Though the neighbors of a Schaumburg man locked out of his house by his mortgage company are planning to help him clean the outside of the property on Saturday, that property could be legally foreclosed as early as today.
A summary judgment is expected in court today in the dispute between 62-year-old John Wuerffel and HSBC Mortgage Corp. over outstanding payments on the house on the 1400 block of Hampton Lane, Schaumburg Assistant Village Attorney Elmer Mannina said.
If the judge rules in the mortgage company's favor, only Wuerffel's two-year right of redemption, which requires significant money upfront, could keep the house from going on the market as early as Aug. 27.
Coincidentally, that's the same day as the village's hearing to get a court order to enter the property to clean it up against Wuerffel's will.
Meanwhile, Wuerffel is in an unusual state of limbo - locked out of the house he's owned since 1971 but still within his rights to camp outside of it.
Neighbors long annoyed by Wuerffel's years of cluttering the property with cars and bric-a-brac are even more upset by the fact that it's all now confined to the driveway and backyard, which they face.
Four vehicles packed with Wuerffel's belongings currently pack the driveway, where he sits and keeps a near constant vigil over them.
Though the house isn't yet foreclosed, the mortgage company has put a padlock on the door due to its condition.
HSBC spokesman Neil Brazil said that while his company doesn't comment on individual cases, it's standard industry practice for lenders to take action to protect and preserve the value of mortgaged property.
Mark Newton, a reverse mortgage specialist for Perl Mortgage in Deerfield who's trying to help Wuerffel keep his home, agreed that a mortgage company maintains a certain expectation of the condition of a property even before a foreclosure occurs.
The observable condition of the cluttered home, coupled with the fact that the village of Schaumburg declared it unfit for human habitation last fall due to its shut-off utilities, may have contributed to the mortgage company's decision to padlock the house, Newton said.
In fact, his own company would be unable to help Wuerffel until he personally gets the property into better condition, Newton said.
A reverse mortgage is a program which allows homeowners 62 or older under threat of foreclosure to keep their homes without making additional payments. But the condition of the home is one of the conditions of the mortgage.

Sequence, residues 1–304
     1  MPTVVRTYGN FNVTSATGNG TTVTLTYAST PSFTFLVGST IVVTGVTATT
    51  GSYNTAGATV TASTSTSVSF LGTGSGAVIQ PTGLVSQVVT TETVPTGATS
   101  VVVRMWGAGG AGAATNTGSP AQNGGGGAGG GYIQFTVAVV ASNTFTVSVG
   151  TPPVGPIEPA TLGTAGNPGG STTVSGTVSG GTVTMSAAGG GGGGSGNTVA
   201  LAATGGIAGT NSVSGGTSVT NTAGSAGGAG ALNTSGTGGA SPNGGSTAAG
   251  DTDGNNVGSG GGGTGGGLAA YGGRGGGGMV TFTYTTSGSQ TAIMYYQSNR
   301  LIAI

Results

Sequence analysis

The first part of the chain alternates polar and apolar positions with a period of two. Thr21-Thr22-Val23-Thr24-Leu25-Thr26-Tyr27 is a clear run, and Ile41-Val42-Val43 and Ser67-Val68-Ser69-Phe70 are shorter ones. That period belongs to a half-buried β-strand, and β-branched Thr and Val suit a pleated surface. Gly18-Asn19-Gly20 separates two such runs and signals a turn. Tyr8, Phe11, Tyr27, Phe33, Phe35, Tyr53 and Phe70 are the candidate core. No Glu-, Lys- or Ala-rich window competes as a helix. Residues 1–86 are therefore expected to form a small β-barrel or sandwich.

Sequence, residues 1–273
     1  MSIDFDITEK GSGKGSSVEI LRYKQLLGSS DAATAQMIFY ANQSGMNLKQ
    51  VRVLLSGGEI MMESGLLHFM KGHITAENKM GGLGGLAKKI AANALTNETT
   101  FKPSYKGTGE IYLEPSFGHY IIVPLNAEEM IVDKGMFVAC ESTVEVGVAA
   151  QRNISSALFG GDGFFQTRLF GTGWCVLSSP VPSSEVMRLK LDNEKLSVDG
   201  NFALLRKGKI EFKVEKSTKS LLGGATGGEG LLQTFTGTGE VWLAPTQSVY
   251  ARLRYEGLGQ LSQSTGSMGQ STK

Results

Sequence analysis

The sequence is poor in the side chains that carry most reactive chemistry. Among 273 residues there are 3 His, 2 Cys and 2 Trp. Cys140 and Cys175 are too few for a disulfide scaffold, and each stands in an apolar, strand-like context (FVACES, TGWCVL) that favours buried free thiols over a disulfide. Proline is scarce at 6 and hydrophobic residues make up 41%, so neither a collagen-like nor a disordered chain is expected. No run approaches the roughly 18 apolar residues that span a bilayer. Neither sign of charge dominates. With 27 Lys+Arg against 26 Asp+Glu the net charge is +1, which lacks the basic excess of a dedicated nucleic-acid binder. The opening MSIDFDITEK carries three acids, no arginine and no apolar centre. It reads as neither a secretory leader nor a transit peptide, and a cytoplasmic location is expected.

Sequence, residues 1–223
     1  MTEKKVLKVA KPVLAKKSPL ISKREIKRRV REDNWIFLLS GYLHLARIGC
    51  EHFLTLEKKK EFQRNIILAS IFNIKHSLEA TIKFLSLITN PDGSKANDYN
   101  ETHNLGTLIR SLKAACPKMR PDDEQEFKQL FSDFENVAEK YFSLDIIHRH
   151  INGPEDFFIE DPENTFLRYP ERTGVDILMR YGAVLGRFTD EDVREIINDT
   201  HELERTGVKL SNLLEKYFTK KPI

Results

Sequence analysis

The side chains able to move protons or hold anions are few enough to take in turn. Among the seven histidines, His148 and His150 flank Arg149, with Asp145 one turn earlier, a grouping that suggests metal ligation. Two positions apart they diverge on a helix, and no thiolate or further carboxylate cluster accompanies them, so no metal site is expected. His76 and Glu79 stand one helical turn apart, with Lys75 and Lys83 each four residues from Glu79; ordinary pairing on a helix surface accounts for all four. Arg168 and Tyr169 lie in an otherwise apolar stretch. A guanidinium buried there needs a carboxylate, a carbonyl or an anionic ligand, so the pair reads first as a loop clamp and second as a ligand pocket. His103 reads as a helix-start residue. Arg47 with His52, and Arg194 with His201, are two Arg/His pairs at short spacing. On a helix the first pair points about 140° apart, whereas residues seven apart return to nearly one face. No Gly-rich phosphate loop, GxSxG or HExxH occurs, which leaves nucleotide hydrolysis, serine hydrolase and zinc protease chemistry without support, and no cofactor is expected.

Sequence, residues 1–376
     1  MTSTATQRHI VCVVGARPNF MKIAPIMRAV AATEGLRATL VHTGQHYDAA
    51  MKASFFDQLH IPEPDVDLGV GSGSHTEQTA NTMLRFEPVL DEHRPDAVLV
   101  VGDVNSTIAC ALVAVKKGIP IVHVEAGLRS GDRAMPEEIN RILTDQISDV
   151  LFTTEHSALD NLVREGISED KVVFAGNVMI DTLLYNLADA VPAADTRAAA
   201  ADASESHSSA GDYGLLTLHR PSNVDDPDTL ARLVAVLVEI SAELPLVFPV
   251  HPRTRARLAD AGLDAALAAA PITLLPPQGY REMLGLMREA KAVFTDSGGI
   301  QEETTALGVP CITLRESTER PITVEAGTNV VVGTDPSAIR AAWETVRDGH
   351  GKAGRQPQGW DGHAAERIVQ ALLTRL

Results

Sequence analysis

Wuerffel said he knows he is dependent on outside help but doesn't believe it gives anyone the right to tell him what he can and can't have in own home. Among the things inside are thousands of empty soda cans which he hopes to redeem for a dime each in Michigan.
Schaumburg Village Manager Ken Fritz emphasized that the padlock is not the village's, and that the Schaumburg warning sticker on the front door was put there last October while Wuerffel was away living somewhere else.
Wuerffel subsequently spent last winter staying at PADS shelters and sometimes in his car with the heat on.
Wuerffel claims to be a Vietnam veteran and says that the health problems that brought him to financial ruin over the past decade are a result of Agent Orange. But his estranged ex-wife Sandy disputes that he ever served in the military.
Representatives of the U.S. Department of Veterans Affairs said they could not confirm or deny anyone's purported veteran status - that such information is as privileged as medical records and available only to the individual concerned.
Wuerffel also has said he is on medication for bipolar disorder and a heart condition.
Fritz said that whatever the outcome of the ongoing property dispute, there is a human issue that the village is working hard to address. A police department social worker has been providing counseling and assistance to Wuerffel but was not at liberty to discuss his case.
Kellie Kiszka, who lives across the street, said she's been hearing from other neighbors who've taken greater interest in Wuerffel's situation since a Daily Herald article earlier this week.
One resident has already mowed Wuerffel's overgrown backyard, while another is planning both a fundraiser and volunteer cleanup party at the house on Saturday.
Kiszka said she'll be satisfied when the outside of Wuerffel's house is cleaned up and he no longer changes his clothes in the driveway where children can see.